Trailing-Stop/Stop-Loss Combo Leads To Winning Trades

Using the Trailing Stop on an Active Trade
It is a little trickier to use a trailing stop because of price fluctuations and the volatility of certain stocks, especially during the first hour of the day. Of course, these fast moving stocks are the ones that will generate the most money in the shortest period of time and are usually the ones that active traders love to play.


Purchase price = $90.13
Number of shares = 600
Stop Loss = $89.70
First Trailing Stop = 49 cents
Second Trailing Stop = 40 cents
Third Trailing Stop = 25 cents

Figure 1: A trailing stop loss order

Source: TraderZone

The stock was in a steady uptrend as determined by strong lines in the moving averages. Keep in mind that all stocks seem to experience resistance at a price ending in ".00" and also at ".50", although not as strongly. It's as if traders are reluctant to take it to the next dollar level.

Our sample stock is Agrium Inc. (NYSE:AGU), which was purchased at $90.13 with a stop loss at $89.70 and initial trailing stop of 45 cents. When the last price reached $90.21, the stop loss was canceled as the trailing stop took over. As the last price reached $90.54, the trailing stop was tightened to 40 cents with the intent of securing a breakeven in a worst-case scenario.

As the price pushed steadily toward $92, it was time to tighten the stop. When the last price reached $91.97, the trailing stop was tightened to 25 cents from 40 cents. The price dipped to $91.48 on small profit-taking and all shares were sold at an average price of $91.70. The net profit after commissions: $942, or 1.74%.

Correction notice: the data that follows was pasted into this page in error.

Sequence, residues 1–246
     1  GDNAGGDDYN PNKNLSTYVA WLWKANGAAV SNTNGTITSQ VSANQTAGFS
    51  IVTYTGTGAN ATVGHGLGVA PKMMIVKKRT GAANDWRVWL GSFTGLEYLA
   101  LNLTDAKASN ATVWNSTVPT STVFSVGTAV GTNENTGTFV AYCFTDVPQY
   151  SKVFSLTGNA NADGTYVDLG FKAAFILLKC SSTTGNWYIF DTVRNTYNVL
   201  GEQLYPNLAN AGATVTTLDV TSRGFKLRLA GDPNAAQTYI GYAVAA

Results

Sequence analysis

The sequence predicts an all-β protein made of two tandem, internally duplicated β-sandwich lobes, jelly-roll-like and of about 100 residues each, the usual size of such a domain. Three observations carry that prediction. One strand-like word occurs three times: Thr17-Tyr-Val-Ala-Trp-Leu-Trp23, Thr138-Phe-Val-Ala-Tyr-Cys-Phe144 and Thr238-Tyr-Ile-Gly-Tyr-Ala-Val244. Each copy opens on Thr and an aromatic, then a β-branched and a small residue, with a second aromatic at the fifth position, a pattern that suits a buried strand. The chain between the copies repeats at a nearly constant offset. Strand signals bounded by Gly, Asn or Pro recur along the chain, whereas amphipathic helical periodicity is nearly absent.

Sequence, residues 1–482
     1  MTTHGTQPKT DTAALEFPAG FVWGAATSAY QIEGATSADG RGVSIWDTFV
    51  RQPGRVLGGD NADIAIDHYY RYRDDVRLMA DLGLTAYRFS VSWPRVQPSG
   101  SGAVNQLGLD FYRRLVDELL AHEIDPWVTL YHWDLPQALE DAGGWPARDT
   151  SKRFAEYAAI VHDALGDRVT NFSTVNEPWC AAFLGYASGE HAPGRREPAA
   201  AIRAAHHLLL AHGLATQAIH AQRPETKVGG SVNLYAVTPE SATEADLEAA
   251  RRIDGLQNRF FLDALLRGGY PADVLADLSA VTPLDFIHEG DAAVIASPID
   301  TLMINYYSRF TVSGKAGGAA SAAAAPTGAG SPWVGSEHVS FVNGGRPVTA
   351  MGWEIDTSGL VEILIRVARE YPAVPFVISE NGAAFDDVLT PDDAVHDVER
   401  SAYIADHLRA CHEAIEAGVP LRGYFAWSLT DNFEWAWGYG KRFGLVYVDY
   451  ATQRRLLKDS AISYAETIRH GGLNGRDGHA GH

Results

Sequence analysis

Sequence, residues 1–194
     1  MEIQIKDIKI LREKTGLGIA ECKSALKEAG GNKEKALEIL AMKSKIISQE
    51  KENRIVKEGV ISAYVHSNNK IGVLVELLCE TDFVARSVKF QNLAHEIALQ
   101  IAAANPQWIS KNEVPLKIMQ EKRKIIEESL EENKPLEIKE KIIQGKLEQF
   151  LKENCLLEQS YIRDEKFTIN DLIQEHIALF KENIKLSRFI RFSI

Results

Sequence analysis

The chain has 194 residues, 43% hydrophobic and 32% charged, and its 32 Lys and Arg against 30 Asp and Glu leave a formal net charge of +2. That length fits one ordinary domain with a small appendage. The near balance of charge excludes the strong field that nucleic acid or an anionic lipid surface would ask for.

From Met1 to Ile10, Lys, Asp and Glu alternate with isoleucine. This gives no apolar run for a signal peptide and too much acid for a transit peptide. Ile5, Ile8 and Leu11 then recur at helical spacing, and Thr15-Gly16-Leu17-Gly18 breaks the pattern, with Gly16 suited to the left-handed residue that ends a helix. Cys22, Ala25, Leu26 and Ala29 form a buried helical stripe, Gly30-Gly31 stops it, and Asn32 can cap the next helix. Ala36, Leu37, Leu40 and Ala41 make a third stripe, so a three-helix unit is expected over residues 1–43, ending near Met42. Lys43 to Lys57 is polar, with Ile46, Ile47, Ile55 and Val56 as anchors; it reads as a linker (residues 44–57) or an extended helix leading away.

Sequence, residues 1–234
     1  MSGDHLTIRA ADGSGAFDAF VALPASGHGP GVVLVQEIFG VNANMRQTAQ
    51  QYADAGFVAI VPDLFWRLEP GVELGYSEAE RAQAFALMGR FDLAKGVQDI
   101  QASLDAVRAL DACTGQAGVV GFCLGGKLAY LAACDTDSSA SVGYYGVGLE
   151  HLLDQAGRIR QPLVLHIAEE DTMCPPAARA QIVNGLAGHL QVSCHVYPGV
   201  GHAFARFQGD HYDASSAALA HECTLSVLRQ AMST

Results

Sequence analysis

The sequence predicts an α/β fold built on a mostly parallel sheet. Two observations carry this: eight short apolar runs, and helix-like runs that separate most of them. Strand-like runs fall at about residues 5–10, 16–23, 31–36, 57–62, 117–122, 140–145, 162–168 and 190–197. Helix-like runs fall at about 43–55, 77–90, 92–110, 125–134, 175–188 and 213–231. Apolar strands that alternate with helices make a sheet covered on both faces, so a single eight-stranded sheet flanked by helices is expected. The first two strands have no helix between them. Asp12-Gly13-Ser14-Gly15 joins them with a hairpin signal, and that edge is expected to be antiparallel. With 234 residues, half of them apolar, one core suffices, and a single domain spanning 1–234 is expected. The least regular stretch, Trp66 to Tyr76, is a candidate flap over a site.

The stock recovered from this dip and continued higher with a new re-entry point, but it is important to set your goals and targets for active trading and stick with them. Most traders would agree that this was a good play!

Making It Work

To make this work on active trades, set a trail value that will accommodate the normal price fluctuations for your particular stock and catch only the true pullback in price. This means studying a stock for a day or two before active trading it.

Next, you need to time your trade. More specifically, look at an analog clock and note the angle of the long arm when it is pointing between 1:00 and 2:00 - you want to use this as your guide. Now, when your favorite moving average is holding steady at this angle, stay with your initial trailing stop loss. As the moving average changes direction, dropping below 2:00, it's time to tighten your trailing stop spread, as shown in Figure 1.

The Trade Advantage

The advantage to this strategy is that it removes emotion from your trading. It's important to set the value when you are calm, focused and able to make a decision based on the information presented on the charts. Also, don't second-guess yourself. You will be well served to let the trailing stop work its magic.

Trader Risk

Market makers are fully aware of any stop losses that you place with your broker and can force a whipsaw in the price, bumping you out of your position and then running the price right back up again. If you like the stock, you can always buy it back.

In the case of a trailing stop, there is the possibility of setting it too tight during the early stages of the stock garnering its support. If this is the case, the result will be the same. The stop will be triggered by a temporary price pullback, and traders will fret over profit they believe they lost. This is one psychological game that traders should completely avoid.

Your best bet is to understand that highly volatile stocks are better managed with an actual stop loss as well as a limit sell order at your target price. Let your online broker earn his commissions - it is much faster than executing a market order yourself.